Deconstructing Lana Del Rey

Lana Del Rey / Photo by Nicole Nodland
Lana Del Rey / Photo by Nicole Nodland

Everyone has something to say about the year's most polarizing new artist. But separating myth from fact means untangling a knot that encapsulates the weird state of pop stardom in 2012.

Everyone has something to say about the year's most divisive new artist. But separating myth from fact means untangling a knot that also happens to encapsulate the weird state of pop stardom in 2012. Plus: Read SPIN's review of Born to Die.

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I. The Origin Story: A Star Is Born/Made
The myth, as it is presently understood: Lana Del Rey is an extended vanity project bankrolled by her dad's money and honed, over the years, by a series of lawyers and managers who have shaped her image and plotted her career path. She is merely a canvas of a girl, and a willing one at that. Bloggers and journalists take pains to note that her real name is Lizzy Grant, that Lana Del Rey is "fake," as are her lips. ("Lizzy Grant" sounds like a Disney tween star; it's easy to see why she changed it. Certainly no one was this incensed to discover that "Lady Gaga" is not printed on a certain singer's birth certificate.)

What we do know to be true: Lizzy Grant is indeed now Lana Del Rey. She is 25 and grew up in Lake Placid, in upstate New York. "I lived in a small town," she told MTV, "and I just thought it was gonna be a long life." She spent her time as a teen wandering in the woods and writing, feeling like a secret weirdo and having her first real connection to music through Biggie's "Juicy." Back then, she says she was something akin to trouble, and got shipped off to Kent, a private prep school in Connecticut. Her autobiography of that era can be heard on the track "This Is What Makes Us Girls."

At 18, she moved to New York to attend Fordham University, where she studied metaphysics, looking for proof of God, and began writing songs. She stopped drinking and got sober. She played shows, performing versions of songs that now make up Born to Die. Just before her senior year, she found a deal with the label 5 Points, after coming to its attention through a songwriting competition. The label gave her an advance, which she used to move into a trailer park in New Jersey shortly after graduating from Fordham. She was 20 years old.

David Nichtern, who runs 5 Points, solicited producer David Kahne (who has worked with everyone from Paul McCartney to Sublime to Tony Bennett to Regina Spektor); he agreed to produce the Lizzy Grant record. "It was a bit of a coup because he is a big-name producer, and we are a tiny record label," says Nichtern. In the studio, Kahne saw a singer who was motivated and self-directed, always looking for ways to move her work forward. "What she is doing goes against the grain of chart pop, which is about getting to the club on Friday night," says Kahne. "The country is fraying at the edges; she wanted to look at that edge, at destruction and loss, and talk about it." According to Kahne, Del Rey was "solitary" and often spent her nights riding the subway out to Coney Island, exploring.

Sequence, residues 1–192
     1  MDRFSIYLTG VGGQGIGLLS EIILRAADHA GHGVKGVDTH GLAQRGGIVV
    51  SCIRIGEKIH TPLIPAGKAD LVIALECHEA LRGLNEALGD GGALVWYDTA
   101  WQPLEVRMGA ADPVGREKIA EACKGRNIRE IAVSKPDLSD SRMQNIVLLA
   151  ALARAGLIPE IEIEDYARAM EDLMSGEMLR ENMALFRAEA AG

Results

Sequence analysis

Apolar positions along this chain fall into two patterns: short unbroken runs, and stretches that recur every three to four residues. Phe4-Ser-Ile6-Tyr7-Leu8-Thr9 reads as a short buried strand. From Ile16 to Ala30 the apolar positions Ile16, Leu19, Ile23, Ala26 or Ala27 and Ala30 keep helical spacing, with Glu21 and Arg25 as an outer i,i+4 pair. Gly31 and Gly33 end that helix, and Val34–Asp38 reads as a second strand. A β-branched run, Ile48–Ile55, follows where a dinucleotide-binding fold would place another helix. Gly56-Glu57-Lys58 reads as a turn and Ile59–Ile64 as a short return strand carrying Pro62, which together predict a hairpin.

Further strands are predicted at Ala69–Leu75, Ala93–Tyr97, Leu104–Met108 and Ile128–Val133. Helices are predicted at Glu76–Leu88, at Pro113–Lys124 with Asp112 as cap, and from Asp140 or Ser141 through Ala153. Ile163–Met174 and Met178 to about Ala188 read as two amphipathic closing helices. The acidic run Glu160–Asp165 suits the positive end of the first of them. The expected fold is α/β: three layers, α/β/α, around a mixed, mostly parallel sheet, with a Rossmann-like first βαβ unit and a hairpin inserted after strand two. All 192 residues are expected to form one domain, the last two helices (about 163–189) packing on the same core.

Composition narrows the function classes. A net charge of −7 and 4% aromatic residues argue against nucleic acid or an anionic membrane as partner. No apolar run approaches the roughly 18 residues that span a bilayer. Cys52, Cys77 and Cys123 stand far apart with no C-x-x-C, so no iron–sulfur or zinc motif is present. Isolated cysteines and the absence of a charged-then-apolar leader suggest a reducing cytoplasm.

The songs from these sessions were split into two releases, the Kill Kill EP and the debut album. According to Nichtern, after the release of the EP, the singer said she wanted to change the name she recorded under. "First it was 'Del R-A-Y,' and then she settled on 'R-E-Y.' This story that it was anyone but her making the decision is complete fiction," says Nichtern. "If she is 'made up' — well, she is the one who made herself up. She has very strong ideas about what she does. The idea someone could manage her into a particular shape — it's impossible."

She has many different qualities that women in our culture aren't allowed to be, all at once, so people are trying to find the inauthentic one. —Tavi Gevinson

Shortly before the full-length was to be released, Nichtern says Del Rey decided she was unhappy and wanted to add tracks and make other changes. "It became difficult to go forward," he explains. Del Rey decided to shelve the record, and 5 Points obliged, striking a deal for her to buy back her masters. Nichtern is adamant that the deal's dissolution was all aboveboard and there were never any hard feelings. "She is a great artist," he says, "a real artist. I have always thought so and still do."

"It was very unusual," says Interscope executive VP of A&R Larry Jackson of his first serious meeting with Lana Del Rey. "We sat for an hour and talked, without her playing any of her music. Just conversation, honing in on the philosophy of what she was doing, what she saw for herself — I was captured. It was a totally unorthodox meeting, and I thought, 'I've got to do this.' When asked if anyone else was involved, if there is someone orchestrating Lana from behind the curtain, Jackson is emphatic. "The only Svengali in this thing is Lana."

"I've never understood this controversy about whether she is real or fake," says rapper-producer Princess Superstar. "All artists have a persona." A year prior to the Interscope deal, the two women spent a few months honing Del Rey's songs, with the rapper serving as mentor. "She's not put together by some company. These are her songs, her melodies, her singing — she's always had this '60s aesthetic. Look at Katy Perry and Beyoncé, and you see that they have a team."

Interscope don Jimmy Iovine gave Jackson his blessing to sign Del Rey on the basis of seeing an unfinished version of "Video Games" on YouTube. Del Rey signed a worldwide joint deal with Interscope and Polydor in March 2011, making her, officially, a major-label recording artist a full six months before Pitchfork was pondering whether the former choirgirl was real or a perfectly pitched plasticine creation.

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